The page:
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Be aware of "morality" clauses from domain registrars (zacwe.st)
138 points by zacwest on Dec 24, 2011 | hide | past | web | favorite | 41 comments

The last part of his blog post says he chose Gandi[0] as a registrar because they do not have this clause, but I found a similar one in their General Conditions[1] contract[2]:

>By accepting Our Contracts and using Our services, You agree to abide to Our code of ethics which consists, in particular, of protecting and respecting minors, human dignity, public order and good moral standards, not infringing on the rights of third parties (private life, image, honor and reputation, trademarks, designs and models, copyrights, etc.) or the security of persons, property, the government, or the good working order of public institutions, and to help in the fight against abusive and/or deviant uses of the Internet (spamming, phishing, hacking, cracking, or attempts at hacking or cracking), or any other infraction as cited in the Penal Code.

I don't see anything about terminating your account "in its sole discretion", though. I personally use Gandi because they have a ton of TLDs and they've been fast and reliable, but I wouldn't hold it against them if they stuck one of these clauses in there.

[0]: https://www.gandi.net/

[1]: https://www.gandi.net/static/contracts/en/g2/pdf/MSA-1.0-EN....

[2]: https://www.gandi.net/contracts

> the Penal Code.

Which penal code?

Presumably France, since that's where they're based.

Gandi is also incorporated in the US.

----- Legal Notice The owner and publisher of this website is Gandi SAS, a simplified joint-stock company registered under French law with a capital of 37,000 Euros.

Registered with the Paris RCS – French Trade Registry - under number 423 093 459. Intracommunal VAT number FR81423093459

Headquarters: 63-65 boulevard Massena, Paris (75013), France Telephone: +33.(1) Fax: +33.(1)

US office: Gandi US Inc. 124 Lakefront Drive Hunt Valley, MD 21030 Fax: +1.410-449-4499

The US office is a subsidiary. I don't know the legal requirements, but I believe that in the worst case scenario both US law and French law would apply. It is my understanding that the registrar is still the French company, therefor subject to French law.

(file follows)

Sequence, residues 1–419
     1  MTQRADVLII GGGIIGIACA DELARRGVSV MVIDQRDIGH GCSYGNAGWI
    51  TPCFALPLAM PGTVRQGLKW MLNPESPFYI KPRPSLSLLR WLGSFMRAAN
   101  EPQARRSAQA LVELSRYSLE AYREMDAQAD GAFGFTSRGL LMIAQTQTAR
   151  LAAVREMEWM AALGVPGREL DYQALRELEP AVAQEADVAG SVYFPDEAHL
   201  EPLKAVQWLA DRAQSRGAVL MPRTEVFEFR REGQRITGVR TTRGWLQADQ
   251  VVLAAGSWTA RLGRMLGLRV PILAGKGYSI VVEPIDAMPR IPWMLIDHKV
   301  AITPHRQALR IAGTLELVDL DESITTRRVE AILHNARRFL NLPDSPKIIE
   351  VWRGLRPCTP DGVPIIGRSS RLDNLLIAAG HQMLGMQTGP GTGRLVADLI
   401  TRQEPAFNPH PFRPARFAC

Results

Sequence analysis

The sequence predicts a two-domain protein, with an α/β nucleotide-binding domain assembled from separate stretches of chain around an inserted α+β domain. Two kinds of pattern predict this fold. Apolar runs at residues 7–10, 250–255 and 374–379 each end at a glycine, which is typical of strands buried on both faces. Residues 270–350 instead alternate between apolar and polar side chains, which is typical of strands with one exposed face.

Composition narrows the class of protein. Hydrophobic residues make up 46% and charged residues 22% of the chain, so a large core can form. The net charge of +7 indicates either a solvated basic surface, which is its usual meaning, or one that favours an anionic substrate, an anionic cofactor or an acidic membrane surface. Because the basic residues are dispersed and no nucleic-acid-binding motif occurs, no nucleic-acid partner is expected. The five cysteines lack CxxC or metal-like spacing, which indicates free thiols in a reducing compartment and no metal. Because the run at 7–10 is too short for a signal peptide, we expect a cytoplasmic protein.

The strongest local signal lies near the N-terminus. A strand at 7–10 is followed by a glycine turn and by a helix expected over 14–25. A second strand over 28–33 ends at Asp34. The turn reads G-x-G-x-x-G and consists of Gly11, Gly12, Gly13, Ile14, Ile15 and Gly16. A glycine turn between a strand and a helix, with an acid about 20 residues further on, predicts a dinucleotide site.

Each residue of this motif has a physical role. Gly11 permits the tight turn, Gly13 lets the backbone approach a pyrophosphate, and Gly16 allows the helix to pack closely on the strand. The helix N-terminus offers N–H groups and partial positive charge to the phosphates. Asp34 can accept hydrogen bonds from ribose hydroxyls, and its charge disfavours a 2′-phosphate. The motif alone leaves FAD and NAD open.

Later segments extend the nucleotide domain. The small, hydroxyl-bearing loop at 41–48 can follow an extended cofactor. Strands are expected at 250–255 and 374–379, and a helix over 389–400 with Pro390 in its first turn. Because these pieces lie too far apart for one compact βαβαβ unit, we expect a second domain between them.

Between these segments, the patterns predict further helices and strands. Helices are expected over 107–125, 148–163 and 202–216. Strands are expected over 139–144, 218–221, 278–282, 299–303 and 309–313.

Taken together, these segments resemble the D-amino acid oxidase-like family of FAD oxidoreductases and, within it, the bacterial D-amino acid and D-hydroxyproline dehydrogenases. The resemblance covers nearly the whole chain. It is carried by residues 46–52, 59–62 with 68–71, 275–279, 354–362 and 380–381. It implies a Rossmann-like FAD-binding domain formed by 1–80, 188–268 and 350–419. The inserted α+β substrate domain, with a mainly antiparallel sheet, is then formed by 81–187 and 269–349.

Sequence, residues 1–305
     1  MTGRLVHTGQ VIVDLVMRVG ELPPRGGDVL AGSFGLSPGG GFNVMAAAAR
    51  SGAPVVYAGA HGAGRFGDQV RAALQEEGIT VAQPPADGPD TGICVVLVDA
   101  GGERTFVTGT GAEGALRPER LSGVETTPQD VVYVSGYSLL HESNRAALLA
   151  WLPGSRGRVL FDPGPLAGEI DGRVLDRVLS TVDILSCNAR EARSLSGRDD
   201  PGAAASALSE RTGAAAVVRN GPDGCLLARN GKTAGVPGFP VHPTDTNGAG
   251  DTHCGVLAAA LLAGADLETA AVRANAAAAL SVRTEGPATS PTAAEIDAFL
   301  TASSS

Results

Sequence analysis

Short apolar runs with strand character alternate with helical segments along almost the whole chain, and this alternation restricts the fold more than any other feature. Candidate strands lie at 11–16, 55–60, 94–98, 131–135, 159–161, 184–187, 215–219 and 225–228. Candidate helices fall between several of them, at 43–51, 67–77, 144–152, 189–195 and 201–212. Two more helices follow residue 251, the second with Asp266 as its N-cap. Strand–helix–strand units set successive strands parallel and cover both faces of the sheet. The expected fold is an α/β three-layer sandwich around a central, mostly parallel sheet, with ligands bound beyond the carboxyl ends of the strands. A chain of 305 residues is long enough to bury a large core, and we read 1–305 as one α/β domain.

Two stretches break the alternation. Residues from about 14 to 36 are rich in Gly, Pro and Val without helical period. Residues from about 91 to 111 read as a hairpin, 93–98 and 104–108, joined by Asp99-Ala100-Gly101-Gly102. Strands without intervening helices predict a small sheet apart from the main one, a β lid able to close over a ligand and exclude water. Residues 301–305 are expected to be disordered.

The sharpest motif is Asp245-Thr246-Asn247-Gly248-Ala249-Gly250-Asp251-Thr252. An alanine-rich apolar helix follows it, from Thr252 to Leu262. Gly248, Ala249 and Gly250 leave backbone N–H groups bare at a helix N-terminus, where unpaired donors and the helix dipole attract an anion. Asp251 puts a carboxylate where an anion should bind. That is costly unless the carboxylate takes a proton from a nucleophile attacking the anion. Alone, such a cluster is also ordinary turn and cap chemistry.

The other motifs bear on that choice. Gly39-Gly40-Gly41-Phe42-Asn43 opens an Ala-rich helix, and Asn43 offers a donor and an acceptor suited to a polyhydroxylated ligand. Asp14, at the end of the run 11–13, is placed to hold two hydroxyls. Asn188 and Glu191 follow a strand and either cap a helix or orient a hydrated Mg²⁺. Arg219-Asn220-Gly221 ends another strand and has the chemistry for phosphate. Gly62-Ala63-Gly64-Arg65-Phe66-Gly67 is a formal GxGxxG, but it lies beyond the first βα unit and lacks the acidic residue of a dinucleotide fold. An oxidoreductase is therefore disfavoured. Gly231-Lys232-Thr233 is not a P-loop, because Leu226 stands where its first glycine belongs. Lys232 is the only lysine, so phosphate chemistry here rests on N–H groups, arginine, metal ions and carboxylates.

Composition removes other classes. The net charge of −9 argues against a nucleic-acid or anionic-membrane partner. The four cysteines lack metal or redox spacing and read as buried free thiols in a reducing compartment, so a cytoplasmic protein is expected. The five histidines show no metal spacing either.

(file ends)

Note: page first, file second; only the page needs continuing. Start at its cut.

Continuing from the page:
So I cant register a domain there and sell memorabilia from Nazi Germany, right?

French penal code.

This is an important concern for any US citizen who may migrate their domains to a Gandi. French law differs dramatically from US laws when it comes to matters of libel, slander and privacy.

Why does this matter? If your a US site, and you piss off someone in France then the pissed off individual has a target local to them (Gandi) who they can send legal threats to based on French laws. Or really a mixture of US and French laws.

If you would like to look up more on the subject when dealing with international law conflicts, consider reviewing US-EU safe harbor.

One thing to note, Godaddy has acted on those in the past. I've not once seen NameCheap do it. In fact, I've seen them take the legal hit multiple times and had lawsuits filed against them because they didn't move.




These are a few instances of that, NameCheap doesn't budge on their customers rights despite it being in the agreement.

Disclaimer: I know the owner and think he's one of the most respectable people in the domain industry based on my interactions with him over almost a decade now.

I wish more people would push back on these kinds of open-ended vague clauses in consumer agreements. When I represent big clients in arms-length negotiations, I usually take the position that my client will comply with laws – no more, no less. That leaves the definition of what is "objectionable" up to the (in theory, objective) standards of the law.

Which laws? In Internet-related cases, this is often ambiguous.

There isn't anything special about the Internet in this context. Lots of laws are ambiguous. That's why, in the common law system, we have courts and precedent.